DelDOT will delay some paratransit changes

Fares will increase over three-year period instead of two years
Paratransit buses line up to pick up riders following a November public hearing at the Georgetown CHEER Center on proposed transit changes. BY RON MACARTHUR
January 10, 2014

Public comment on proposed reforms to Delaware's public transportation system has resulted in changes to the plan, said Delaware Department of Transportation Secretary Shailen Bhatt.

Delaware Transit Corporation and DelDOT staff conducted a series of public hearings last year to announce plans for more fixed-route service, changes in paratransit service and higher fares. What they heard was that the proposed increases for DART First State service were too much, too fast.

Bhatt said paratransit fares will increase over three years instead of two. Fares within three-quarters of a mile of fixed routes will increase from the current one-way charge of $2 to $3 on July 1 and up to $4 in July 2016. Fares outside fixed-route zones will increase from $2 to $4 on July 1; $5 in July 2015; and $6 in July 2016.

The original plan called for fare increases to begin in March. “We heard from private transportation providers that any changes to paratransit service and fares this fiscal year would create an immediate challenge, since their budgets are already in place,” Bhatt said.

Under the current system, all paratransit riders pay the same fare no matter where they live. Bhatt said changes to that fare structure are imperative because the average one-way paratransit trip is $47. Bhatt said the cost to provide paratransit service has increased 233 percent over the past decade to the point where nearly half of the transit system's total budget is spent on only 8 percent of its riders.

The federal Americans with Disabilities Act requires DelDOT to provide paratransit service within three-quarters of a mile of established bus routes. Delaware has never followed that regulation; it has instead provided door-to-door paratransit service in all corners of the state.

DelDOT had proposed complying with federal law providing bus service to paratransit riders who live outside federally mandated ADA zones, but they would have to pay three times as much in fares and be scheduled for rides using a priority system and as space is available.

During a public hearing in Georgetown, Ken Bock, CHEER deputy director, said that plan would reduce service to nearly 80 percent of paratransit bus riders in Sussex County who live outside an ADA zone.

The Delaware Transit Corporation also announced plans to redesign its trip negotiation process for paratransit services. “This is a tool used by transit agencies to prioritize trips and negotiate with passengers to maximize the number of passengers served,” Bhatt said.


More time to develop options

Bhatt said because of concerns raised during the hearings, changes in the scheduling process would be delayed until after September to allow more time to develop transportation alternatives. The current paratransit system offers no flexibility in scheduling trips. “Because of federal law, all trips are treated the same,” Bhatt said. “We can't ask where riders are going.”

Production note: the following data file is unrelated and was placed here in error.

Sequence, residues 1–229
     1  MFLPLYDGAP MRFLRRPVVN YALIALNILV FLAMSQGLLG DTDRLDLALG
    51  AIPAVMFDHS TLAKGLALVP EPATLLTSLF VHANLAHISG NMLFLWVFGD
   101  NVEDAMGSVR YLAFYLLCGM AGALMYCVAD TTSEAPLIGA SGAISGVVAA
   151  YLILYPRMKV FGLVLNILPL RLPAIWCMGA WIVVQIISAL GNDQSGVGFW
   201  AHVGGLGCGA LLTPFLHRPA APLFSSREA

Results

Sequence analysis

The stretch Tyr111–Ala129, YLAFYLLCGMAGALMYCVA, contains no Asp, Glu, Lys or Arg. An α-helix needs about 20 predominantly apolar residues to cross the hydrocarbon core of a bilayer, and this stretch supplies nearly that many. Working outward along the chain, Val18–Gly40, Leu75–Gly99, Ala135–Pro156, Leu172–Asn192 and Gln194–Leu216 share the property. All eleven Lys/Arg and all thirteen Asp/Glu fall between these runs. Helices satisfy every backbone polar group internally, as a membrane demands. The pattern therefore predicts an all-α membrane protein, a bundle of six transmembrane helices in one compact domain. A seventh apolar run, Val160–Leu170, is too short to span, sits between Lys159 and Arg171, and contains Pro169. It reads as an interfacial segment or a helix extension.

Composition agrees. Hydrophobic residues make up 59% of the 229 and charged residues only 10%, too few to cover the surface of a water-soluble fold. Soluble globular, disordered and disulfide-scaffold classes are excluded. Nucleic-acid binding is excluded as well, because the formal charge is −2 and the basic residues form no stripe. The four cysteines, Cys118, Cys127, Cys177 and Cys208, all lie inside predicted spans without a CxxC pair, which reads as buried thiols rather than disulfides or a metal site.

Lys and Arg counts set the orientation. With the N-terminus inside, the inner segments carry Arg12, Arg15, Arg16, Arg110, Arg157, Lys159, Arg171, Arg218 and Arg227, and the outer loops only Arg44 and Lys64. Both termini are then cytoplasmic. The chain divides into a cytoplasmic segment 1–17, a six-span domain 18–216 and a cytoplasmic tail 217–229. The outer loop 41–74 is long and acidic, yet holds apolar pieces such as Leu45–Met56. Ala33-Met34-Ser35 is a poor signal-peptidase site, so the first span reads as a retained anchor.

He said people needing doctor's appointments or rides to their jobs are in the same queue as riders going shopping.

“We need other options to make it more efficient,” said DelDOT spokesman Geoff Sundstrom.

DelDOT is exploring development of a third-party option such as taxi rides, which is working in other states. “People are willing to accept poor service because they are afraid of the unknown,” Bhatt said. “They don't hear that we can provide better service; they only hear that we could be changing what they already have.”

The poor service he is referring to is not about the staff and bus drivers, but the current system of scheduling paratransit rides. He said he gets numerous letters and emails from people complaining they have to wait two hours or more for rides. Transportation staff got an earful during the public hearings from dissatisfied riders talking about the inconsistency of scheduling.

“It's because we are driving people all over the place; we are too over-subscribed,” Bhatt said.

Fixed-route fares throughout the state will be increased starting Feb. 9 over a three-year period. Cash-fare rates will increase from the current $1 for a one-day trip to $1.50 this year, $1.75 in 2015 and eventually $2 in January 2016. Reduced-fare rates will increase from the current 40 cents to 80 cents in 2016. The popular daily pass will increase from $2.10 to $3.15 on Feb. 9 and up to $4.20 in January 2016.

“While fares will still increase at a lower rate, everyone who is currently being served by paratransit will continue to receive this service until we have concluded our consultation with stakeholders,” Bhatt said.



FARE CHANGES – July 2014 to July 2016 (one way)


Paratransit in ADA zones: $2 to $4

Paratransit not in ADA zones: $2 to $6.

Fixed route cash: $1 to $2

Fixed route reduced rate: 40 cents to 80 cents

Daily pass: $2.10 to $4.20


An ADA zone is within three-quarters of a mile of an established DART route.

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